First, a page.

[Sca-cooks] Dough question

Terry Decker t.d.decker at worldnet.att.net
Tue Mar 18 12:26:46 PDT 2008

The essential problem is this recipe calls for sourdough starter rather than 

When you freeze a yeast dough, doubling the yeast in the recipe handles any 
killing by the cold.  The dough needs to be kept in a freezer that doesn't 
self defrost, because the warm and freeze cycles do greater damage to the 
yeast and the flavor of the resulting bread.  Shape the loaf before 
freezing.  When you go to defrost, put it in the pan and let it thaw and 
rise.  The damp cloth will help moisturize the crust.

Sourdough is trickier.  My experience is that a frozen sourdough starter 
tends to be slower rising than one that has be actively feed, thus a frozen 
sourdough dough may not respond the way one would like.

As Dragon suggests, cooling the dough may be a better option, if one has the 
room.  As a practical matter, a shaped loaf of sourdough can take a rise of 
20-24 hours in a refrigerator.  Because of the relationship of aerobic to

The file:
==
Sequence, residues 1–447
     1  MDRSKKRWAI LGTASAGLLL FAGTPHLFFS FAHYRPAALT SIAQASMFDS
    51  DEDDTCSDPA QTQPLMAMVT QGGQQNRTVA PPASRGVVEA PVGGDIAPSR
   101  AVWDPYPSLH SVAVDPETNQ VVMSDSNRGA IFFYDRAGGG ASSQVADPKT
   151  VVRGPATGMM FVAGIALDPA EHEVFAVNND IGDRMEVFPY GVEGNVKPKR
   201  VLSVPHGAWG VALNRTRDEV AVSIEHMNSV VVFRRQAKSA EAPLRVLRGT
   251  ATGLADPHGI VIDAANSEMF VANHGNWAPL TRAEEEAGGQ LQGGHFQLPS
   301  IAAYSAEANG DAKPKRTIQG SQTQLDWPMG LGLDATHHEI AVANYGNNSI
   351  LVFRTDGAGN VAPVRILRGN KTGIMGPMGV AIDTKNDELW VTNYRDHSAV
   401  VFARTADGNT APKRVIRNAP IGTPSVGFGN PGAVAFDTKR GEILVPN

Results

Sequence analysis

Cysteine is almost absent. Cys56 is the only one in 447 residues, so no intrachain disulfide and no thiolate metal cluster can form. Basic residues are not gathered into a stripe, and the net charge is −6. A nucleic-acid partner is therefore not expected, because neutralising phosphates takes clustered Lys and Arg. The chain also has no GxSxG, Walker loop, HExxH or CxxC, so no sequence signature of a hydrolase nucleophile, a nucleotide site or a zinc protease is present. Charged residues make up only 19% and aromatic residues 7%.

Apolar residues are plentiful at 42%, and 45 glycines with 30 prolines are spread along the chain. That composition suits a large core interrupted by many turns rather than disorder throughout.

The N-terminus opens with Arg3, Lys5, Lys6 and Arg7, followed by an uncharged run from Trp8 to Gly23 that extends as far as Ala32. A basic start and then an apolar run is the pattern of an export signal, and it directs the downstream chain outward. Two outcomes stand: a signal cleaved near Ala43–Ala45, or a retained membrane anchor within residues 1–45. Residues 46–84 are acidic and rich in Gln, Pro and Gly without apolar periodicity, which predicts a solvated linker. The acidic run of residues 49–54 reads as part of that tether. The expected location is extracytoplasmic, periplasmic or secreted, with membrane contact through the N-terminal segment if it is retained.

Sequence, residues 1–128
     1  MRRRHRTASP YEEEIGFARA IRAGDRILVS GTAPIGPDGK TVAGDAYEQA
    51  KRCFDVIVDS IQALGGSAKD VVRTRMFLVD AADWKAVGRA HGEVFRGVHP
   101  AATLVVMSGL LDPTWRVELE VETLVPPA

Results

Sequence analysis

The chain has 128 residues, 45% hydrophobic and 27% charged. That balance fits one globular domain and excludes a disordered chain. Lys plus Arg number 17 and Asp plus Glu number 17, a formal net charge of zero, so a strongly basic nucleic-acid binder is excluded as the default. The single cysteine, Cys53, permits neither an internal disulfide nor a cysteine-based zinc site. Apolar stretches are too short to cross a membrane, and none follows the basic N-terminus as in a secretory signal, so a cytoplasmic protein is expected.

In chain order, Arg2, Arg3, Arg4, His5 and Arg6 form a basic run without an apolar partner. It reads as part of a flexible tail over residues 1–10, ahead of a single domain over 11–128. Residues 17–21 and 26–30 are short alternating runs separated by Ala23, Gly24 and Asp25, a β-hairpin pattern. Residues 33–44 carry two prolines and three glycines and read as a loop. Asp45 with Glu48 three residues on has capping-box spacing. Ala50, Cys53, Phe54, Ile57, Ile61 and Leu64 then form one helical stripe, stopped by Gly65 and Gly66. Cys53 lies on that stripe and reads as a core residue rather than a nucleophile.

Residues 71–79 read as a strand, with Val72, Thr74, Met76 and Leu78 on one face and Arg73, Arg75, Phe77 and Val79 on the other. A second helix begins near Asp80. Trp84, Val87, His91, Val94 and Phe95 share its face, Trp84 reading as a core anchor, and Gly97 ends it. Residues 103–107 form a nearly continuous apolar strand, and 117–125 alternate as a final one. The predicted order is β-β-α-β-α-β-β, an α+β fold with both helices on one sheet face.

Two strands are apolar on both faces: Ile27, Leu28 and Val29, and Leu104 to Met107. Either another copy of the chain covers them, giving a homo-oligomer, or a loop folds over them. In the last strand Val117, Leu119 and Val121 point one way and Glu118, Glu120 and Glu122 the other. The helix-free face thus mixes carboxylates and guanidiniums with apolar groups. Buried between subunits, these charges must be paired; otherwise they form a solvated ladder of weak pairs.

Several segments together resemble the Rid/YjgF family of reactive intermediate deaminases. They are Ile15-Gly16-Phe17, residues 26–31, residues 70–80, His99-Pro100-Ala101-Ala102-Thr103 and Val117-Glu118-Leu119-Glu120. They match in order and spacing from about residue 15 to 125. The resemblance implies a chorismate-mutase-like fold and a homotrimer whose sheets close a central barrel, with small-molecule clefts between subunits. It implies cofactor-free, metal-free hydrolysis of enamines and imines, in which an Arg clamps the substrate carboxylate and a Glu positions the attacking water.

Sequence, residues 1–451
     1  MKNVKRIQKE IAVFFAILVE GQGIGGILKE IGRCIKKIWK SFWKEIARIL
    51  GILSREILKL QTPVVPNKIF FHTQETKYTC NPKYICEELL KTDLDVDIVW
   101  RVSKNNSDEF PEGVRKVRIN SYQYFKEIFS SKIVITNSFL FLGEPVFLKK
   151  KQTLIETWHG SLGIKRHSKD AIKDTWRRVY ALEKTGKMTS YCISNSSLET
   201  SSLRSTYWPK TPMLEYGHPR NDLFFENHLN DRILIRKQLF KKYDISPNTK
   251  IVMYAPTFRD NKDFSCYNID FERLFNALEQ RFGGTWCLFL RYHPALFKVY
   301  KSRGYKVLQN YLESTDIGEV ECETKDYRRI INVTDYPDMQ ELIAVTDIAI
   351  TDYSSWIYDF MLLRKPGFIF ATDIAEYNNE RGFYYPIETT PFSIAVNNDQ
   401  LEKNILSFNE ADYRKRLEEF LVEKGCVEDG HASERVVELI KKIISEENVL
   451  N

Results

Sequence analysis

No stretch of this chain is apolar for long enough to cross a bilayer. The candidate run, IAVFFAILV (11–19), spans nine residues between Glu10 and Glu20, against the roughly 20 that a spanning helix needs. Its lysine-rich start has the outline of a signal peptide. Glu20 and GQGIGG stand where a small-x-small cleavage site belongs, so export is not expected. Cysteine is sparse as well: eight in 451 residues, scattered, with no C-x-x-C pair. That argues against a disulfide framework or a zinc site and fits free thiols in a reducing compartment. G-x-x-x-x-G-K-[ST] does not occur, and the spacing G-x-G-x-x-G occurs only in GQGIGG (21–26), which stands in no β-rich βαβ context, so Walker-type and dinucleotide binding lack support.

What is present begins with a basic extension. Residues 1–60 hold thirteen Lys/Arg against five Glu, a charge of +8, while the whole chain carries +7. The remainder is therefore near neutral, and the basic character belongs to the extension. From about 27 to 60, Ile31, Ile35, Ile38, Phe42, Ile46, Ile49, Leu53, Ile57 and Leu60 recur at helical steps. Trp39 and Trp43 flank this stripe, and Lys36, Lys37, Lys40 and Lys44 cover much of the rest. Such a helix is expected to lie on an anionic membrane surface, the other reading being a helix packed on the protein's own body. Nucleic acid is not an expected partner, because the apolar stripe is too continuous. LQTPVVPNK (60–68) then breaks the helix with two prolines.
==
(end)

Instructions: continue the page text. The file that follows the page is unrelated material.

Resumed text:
anerobic and yeast to lactobacilli in sourdough, three days is about the 
maximum that chilled sourdough starter or dough can go without being fed or 
worked.  The point to consider is that the request in this case is not so 
much about flavor as it is convenience, and chilling may be more inconvient 
than just making the dough on the day it is needed.

Another possibility that I haven't tested, but I think will work,  is adding 
a 1/4 ounce of dry active yeast to the recipe, which would give a boost to 
the sourdough when it thaws.


> You know, I have never frozen yeast dough. I know it can be done but
> I am not sure if you have to add extra yeast or not to counteract any
> potential die off from the freeze. What I do regularly is cold
> fermentation of dough. I make it a few days in advance and
> refrigerate it. I don't do this so much for convenience as I do for
> flavor development. Slow fermentation of the dough really brings out
> a ton of flavor, the first time I tried this, I was hooked.
> Peter Reinhart has some very interesting thoughts on all of this in
> his book "Crust & Crumb" which is a truly excellent reference to the
> world of yeast breads and the various means of making and using
> starters and sponges.
> Dragon
> I don't know about your recipe, but our local Rainbow Girls sell frozen 
> yeast
> braids as a fundraiser.  I've had the best luck with them when I let them 
> sit
> on the counter over night to thaw/raise with a damp cloth over them.
> --Constanza Marina de Huelva

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